DOBBS: Well, I hope that a lot of those folks in Congress and in the Senate hear your voice, Professor Elizabeth Warren. They couldn't have chosen a better person in my opinion to chair that committee. We thank you for your time here tonight.

WARREN: Thank you.

DOBBS: All the best, Professor Elizabeth Warren.

Coming up next, the ties that bind. Just how close were Illinois governor Blagojevich and the president-elect and his staff? And what role did Congressman Jesse Jackson Jr. play in the corruption scandal if any? He is candidate number five. Four of the country's best political analysts join us for their thoughts on all of that and much more. We'll be right back.


DOBBS: Joining me now four of the best political analyst in the country, Republican strategist, CNN contributor, Ed Rollins, also served as White House political director under President Reagan, chaired Mike Huckabee's presidential campaign. Good to have you here. Pulitzer Prize winning columnist, Michael Goodwin, good to see you, Michael. Robert Zimmerman, Democratic National Committeeman, good to see you Robert. Jeanne Cummings, senior political correspondent You're not a committee woman for anybody, are you?

JEANNE CUMMINGS, POLITICO: Not that I'm aware of.

DOBBS: Jean, great to have you with us.

Let's start with the scandal. referred to it -- you referred to it and as the scandal in Illinois a stink bomb tossed at close range for Obama. What do you mean Jeanne?

CUMMINGS: Well, the point we were trying to make is that, while this scandal might not directly tie to Barack Obama, there's collateral damage that comes with things like this. So even though the prosecutors went out of their way to make clear that they have no -- Obama has no connection with the investigation as it is right now, there's still going to be problems. He's been rolling out his cabinet with great control. Now he's lost control of the new cycle. He's getting questions, and will get some tomorrow about the governor and about the scandal, and it's knocking him off message. If there is a big trial in Illinois where people who donated money to him, even though he returned the money, are called up to testify, all of this creates publicity and headlines that he really doesn't want.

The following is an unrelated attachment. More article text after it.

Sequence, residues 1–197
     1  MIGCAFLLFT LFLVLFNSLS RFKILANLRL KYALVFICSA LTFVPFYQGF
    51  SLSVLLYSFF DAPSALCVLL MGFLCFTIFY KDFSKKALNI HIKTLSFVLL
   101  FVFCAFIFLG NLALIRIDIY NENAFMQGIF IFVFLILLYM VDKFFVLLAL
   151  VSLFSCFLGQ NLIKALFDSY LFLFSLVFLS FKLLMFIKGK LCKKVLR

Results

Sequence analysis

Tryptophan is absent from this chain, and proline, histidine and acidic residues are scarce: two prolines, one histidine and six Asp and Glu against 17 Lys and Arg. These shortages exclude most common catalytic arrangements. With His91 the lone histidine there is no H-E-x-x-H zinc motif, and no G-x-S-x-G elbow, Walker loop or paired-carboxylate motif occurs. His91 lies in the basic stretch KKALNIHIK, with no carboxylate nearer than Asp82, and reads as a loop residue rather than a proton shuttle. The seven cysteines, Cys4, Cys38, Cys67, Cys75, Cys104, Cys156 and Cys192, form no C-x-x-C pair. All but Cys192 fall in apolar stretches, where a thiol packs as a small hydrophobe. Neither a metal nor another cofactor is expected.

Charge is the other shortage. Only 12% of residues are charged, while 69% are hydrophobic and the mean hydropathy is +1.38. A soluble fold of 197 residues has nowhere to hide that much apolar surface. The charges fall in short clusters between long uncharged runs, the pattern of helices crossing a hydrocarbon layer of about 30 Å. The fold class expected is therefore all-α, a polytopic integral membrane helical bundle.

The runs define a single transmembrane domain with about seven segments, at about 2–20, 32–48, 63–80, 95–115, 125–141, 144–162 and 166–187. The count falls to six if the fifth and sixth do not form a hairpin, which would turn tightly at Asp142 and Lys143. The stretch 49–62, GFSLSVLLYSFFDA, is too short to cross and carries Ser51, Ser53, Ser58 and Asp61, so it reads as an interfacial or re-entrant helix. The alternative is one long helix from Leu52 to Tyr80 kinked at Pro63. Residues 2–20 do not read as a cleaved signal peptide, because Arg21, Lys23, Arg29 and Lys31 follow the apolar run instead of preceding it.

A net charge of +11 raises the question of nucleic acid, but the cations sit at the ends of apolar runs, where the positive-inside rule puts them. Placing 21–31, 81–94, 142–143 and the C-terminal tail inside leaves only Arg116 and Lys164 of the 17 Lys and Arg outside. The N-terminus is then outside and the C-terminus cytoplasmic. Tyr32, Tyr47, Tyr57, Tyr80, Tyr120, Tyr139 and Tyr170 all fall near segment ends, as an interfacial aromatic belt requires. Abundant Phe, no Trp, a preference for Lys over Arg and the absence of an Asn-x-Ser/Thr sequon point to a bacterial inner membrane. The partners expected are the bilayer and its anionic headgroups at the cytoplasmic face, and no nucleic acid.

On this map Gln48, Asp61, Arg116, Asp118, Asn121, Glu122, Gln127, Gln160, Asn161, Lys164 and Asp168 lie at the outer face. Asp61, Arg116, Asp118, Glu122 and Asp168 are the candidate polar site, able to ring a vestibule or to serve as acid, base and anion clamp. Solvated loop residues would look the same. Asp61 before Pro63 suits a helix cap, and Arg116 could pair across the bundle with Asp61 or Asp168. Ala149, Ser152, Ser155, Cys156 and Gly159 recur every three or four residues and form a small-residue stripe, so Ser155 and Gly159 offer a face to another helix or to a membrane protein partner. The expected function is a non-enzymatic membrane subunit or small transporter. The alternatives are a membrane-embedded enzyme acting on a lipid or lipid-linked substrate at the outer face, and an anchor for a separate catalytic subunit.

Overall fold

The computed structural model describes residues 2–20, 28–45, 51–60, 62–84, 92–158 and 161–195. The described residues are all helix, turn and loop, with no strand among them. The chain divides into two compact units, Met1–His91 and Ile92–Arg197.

DOBBS: Robert, what do you think?

ROBERT ZIMMERMAN, DEMOCRATIC STRATEGIST: It's an annoyance. It's a distraction. It's a frustration. But at the end of the day, this governor who is the Tony Soprano of governors, is not going to define or, in fact, take the Obama administration off its message, and the press will certainly ask the tough questions and try. But between the U.S. attorney's comments which indicate that Obama is not -- was not in the affidavit linked in any way to this and, in fact, the governor's own statements expressing his great fury that he was getting nothing from Barack Obama --

DOBBS: A few colorful names that he called the president-elect as well.

ZIMMERMAN: With respect to the audience, the bottom line is it's an Illinois story.

DOBBS: I'm a little hurt you wouldn't also be respectful of my feelings. Michael, what do you think?

MICHAEL GOODWIN, NEW YORK DAILY NEWS: I think Obama should be forthright about what contacts there were between somebody who was speaking for him, if only it was to say to Blagojevich, no, we're not going to make a deal. And Valerie Jarrett supposedly was Senate candidate number one.

DOBBS: She withdrew.

GOODWIN: She withdrew but this happened before that. So somebody told Blagojevich Obama wasn't going to play ball. Who was that?

I think Obama does have to be a little bit more forthright about what the contacts were. David Axelrod said they had talked. There was report on Chicago TV station they actually had a meeting on November 5th. So there's lots of reason to know that there's something -- there was some conversation. It would be quite normal for there to be some conversation. Here in New York, David Paterson, talking to Hillary Clinton about her seat.

DOBBS: What did she know and when did know?

GOODWIN: New York doesn't do that.

ED ROLLINS, REPUBLICAN STRATEGIST: The stupidity of this governor, and I think he taints a new president who got elected as a candidate of change. I think it's perfectly legitimate for them to have dialogue if they had dialogue. I think he has to be very forth coming as Michael said. I think at the end of the day, I think they knew what a bad guy this governor was.